The Countryside Alliance said it was “time for talk to give way to action” following the withdrawal of an amendment to the Police, Crime, Sentencing and Court Bill, currently being considered in Parliament, which would have brought tougher measures on hare coursing.
Peers headed by the Lord Bishop of St Albans, Dr Alan Smith, had tabled changes that would increase penalties, allow the courts to disqualify offenders from owning dogs and allow police to recover kennelling costs for dogs that have been seized.
The Lord Bishop said: “It is not just the damage to land and property that causes anxiety, it is the threats, verbal abuse, intimidation and violence.
“One person described coursing as equivalent to being under siege – constantly having to repair damage from break-ins and being scared for their own safety and that of farm equipment.
“It is an illegal and barbaric practice that runs amok across the private property of farmers and landowners and helps facilitate organised crime through the enormous sums that change hands in high-stake illegal betting.”
However, responding on behalf of the Government, Lord Sharpe of Epsom said the Government could not give him the timetable he had asked for owing to time restrictions and the amendment was subsequently withdrawn.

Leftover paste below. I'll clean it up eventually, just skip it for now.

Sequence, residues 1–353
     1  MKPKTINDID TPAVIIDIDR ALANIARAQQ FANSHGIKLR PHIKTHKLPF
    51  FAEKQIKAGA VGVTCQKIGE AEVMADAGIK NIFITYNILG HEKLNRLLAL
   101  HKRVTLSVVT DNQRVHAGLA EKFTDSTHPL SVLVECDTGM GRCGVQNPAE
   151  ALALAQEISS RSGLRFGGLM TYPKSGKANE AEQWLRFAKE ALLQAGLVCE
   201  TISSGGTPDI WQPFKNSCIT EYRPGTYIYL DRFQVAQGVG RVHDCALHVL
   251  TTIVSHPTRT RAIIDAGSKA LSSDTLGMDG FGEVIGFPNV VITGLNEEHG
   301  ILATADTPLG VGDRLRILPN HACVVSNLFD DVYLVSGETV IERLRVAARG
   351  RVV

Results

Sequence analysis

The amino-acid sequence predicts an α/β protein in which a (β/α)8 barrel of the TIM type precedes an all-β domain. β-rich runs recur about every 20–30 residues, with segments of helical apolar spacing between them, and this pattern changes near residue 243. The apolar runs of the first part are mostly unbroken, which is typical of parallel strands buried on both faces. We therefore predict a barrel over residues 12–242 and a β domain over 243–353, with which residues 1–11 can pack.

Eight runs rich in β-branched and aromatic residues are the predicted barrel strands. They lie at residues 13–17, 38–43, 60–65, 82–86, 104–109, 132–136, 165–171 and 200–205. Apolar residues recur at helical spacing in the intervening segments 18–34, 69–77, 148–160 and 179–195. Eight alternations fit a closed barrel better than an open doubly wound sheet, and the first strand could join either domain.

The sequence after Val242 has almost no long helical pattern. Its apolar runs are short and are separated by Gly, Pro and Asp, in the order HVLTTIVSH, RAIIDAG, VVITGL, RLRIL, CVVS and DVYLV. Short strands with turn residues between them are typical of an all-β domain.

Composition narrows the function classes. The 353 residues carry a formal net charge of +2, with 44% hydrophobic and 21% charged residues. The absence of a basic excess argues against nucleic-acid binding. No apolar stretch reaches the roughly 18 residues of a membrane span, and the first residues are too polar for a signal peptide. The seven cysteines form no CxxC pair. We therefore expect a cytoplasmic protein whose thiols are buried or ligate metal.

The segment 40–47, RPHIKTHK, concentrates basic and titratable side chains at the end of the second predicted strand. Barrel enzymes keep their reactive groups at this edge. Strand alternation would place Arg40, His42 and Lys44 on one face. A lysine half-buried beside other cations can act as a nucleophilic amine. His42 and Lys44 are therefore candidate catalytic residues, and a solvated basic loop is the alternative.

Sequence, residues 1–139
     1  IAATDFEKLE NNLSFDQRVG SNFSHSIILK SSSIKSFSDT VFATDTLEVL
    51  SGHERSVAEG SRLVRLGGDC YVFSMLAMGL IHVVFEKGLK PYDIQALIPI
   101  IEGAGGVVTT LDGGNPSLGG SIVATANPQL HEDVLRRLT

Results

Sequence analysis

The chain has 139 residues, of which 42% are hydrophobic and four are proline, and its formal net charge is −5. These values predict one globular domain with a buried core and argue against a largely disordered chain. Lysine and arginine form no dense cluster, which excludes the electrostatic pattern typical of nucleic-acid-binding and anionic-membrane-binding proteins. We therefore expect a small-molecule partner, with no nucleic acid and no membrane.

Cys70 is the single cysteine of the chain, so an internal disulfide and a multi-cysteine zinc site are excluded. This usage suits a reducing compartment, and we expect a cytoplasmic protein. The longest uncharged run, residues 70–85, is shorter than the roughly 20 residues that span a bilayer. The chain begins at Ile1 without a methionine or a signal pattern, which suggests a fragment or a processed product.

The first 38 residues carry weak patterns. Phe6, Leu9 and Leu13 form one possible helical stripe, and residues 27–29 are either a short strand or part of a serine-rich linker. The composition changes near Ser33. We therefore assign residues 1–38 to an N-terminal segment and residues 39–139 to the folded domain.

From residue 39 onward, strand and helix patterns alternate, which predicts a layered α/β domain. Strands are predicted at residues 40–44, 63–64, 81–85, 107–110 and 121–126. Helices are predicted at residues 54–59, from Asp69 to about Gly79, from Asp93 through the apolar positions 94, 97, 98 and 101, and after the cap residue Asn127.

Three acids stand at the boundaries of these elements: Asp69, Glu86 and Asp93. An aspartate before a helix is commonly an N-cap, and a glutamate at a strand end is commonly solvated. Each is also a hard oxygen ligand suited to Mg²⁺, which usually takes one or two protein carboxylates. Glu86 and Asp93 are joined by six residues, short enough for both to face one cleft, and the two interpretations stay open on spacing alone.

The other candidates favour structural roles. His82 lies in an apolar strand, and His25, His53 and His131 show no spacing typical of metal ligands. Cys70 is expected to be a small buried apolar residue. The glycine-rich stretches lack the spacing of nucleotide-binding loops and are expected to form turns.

In May this year, through its Action Plan for Animal Welfare, the Government announced plans to introduce new laws which would crack down on hare coursing with plans to consult on new measures outlined in June.
The Countryside Alliance said the Police, Crime, Sentencing and Courts Bill had been seen by rural groups as the “ideal vehicle” to make legal changes and help the police and courts tackle the “scourge” of hare poaching in the countryside.
David Bean, Parliamentary Relations Manager for the Countryside Alliance, said: “The Government repeated what we have heard time and again over the years – Ministers are looking at it, there are detailed discussions, it will take time, we need to get it right. We have heard it all before.
“What we need is a Government prepared to seize the opportunity of the Police Bill to accept these amendments and finally deliver.
“It is time for talk to give way to action or we will still be discussing this blight for years to come.”
The organisation is part of a coalition that includes, among others, the NFU, CLA and RSPCA calling for tougher penalties for hare coursing, in which gangs use dogs to chase and kill wild hares on farmland. The activity is often streamed online and brings in thousands of pounds through illegal high-stakes betting.
Earlier this year, the Yorkshire Agricultural Society published a survey showing that farmers are repeatedly targeted, face threats from the criminals and spend thousands repairing the damage they cause.
Show director of the Great Yorkshire Show, Charles Mills, whose farm has been a target for poachers, said: “Any delay to tougher laws is hugely disappointing. Hare coursing has no place in the countryside and new measures to deter and punish the perpetrators are clearly needed.”